Skype accounts are being hacked since at least August last year. Breached Skype accounts are used to send thousands of spam messages before they’re locked by Microsoft. The owners then have to regain access and that is when most find out about it. Skype has fallen victim to similar attacks before, and hackers were able to spoof messages on the system in 2015 after using lists of stolen usernames and passwords to gain access to accounts.

Problem

This wave of attack appears to be growing in size, and Skype users who opted for Microsoft’s two-factor security are also vulnerable. Microsoft offers the ability to link a Skype and Microsoft Account together to make sign-in and security easier. It turns out that Microsoft keeps your original Skype account password separate so that it can still be used to access the service with a Skype username. If that password isn’t secure then hackers can use it to gain access to your Skype account, bypassing any two-factor authentication provided by Microsoft. Essentially Microsoft has left a backdoor open to their vaunted two-factor security! It can be safely assumed that the new wave of attack is dictionary based and Skype / Microsoft allows unlimited login tries at some entry point.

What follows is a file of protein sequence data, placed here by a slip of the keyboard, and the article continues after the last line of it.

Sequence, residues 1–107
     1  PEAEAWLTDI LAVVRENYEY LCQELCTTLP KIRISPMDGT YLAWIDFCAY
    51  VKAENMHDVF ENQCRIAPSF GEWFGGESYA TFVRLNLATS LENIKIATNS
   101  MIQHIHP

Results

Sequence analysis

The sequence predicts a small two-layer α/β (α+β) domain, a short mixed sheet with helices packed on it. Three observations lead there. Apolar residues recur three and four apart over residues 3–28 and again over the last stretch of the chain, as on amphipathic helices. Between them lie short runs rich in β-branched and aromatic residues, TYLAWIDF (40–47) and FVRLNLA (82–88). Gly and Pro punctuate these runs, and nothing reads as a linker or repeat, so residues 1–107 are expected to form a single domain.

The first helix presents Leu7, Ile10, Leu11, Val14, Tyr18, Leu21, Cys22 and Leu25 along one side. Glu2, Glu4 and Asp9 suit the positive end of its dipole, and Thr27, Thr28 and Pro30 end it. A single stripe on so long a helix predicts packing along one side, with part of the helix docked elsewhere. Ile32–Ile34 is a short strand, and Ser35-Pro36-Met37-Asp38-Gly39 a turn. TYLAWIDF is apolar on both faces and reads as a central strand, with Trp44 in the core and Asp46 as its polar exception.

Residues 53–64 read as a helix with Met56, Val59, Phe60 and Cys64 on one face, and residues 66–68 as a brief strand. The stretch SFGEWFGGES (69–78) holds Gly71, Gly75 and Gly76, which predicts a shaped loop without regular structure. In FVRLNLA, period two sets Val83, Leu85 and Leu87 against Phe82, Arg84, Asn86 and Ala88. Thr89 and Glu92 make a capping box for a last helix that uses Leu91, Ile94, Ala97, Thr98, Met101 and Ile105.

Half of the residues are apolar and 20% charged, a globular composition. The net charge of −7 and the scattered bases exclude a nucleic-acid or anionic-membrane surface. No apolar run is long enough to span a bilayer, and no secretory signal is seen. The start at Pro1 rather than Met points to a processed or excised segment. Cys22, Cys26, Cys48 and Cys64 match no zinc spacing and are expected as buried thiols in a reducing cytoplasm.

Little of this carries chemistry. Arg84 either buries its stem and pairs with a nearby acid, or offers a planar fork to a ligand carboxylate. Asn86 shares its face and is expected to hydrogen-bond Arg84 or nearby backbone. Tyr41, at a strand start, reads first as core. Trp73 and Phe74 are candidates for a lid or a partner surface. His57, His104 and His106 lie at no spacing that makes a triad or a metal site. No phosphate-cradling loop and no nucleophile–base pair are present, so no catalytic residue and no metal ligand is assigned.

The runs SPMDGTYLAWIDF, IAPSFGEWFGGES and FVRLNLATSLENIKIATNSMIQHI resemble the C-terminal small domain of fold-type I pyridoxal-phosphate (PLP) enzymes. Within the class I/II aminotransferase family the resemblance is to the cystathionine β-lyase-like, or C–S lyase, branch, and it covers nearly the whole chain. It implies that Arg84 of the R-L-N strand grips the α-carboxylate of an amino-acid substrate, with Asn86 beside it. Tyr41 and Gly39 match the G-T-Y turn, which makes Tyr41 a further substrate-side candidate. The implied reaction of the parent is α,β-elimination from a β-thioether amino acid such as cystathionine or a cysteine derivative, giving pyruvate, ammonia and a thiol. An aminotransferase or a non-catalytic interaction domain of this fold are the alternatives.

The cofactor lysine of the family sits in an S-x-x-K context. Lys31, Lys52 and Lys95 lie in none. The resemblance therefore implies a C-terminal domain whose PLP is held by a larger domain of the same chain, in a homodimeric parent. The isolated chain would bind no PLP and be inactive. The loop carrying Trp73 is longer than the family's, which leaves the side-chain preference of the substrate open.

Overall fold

Solution

The solution, in brief, is to switch to Microsoft’s two-factor security and then disable access by old method.

1. Update your Skype account to a Microsoft account:

  • Go to https://account.microsoft.com, if you’re already signed in, sign out.
  • Enter your Skype name and password when prompted and then select
  • Sign in.
  • If your Skype account is not updated already, you will be notified to update your account.
  • Select Next to continue.
  • You will be asked to add an email to your account, and verify that email.
  • Congrats, your Skype account is also a Microsoft account.

2. Ensure that your Accounts are fully merged:

  • Go to https://account.microsoft.com, if you’re already signed in, sign out.
  • Enter your Skype name, not your Microsoft Account email address, and use your Skype password to sign-in
  • If you’ve linked your Microsoft Account previously, you’ll be prompted to sign-in and merge the accounts to create a Skype alias

3. Disable Skype alias:

Once the two accounts are properly merged, Microsoft creates a Skype alias to let you keep signing in with a Skype username. Disable it under the aliases preferences, to ensure complete protection.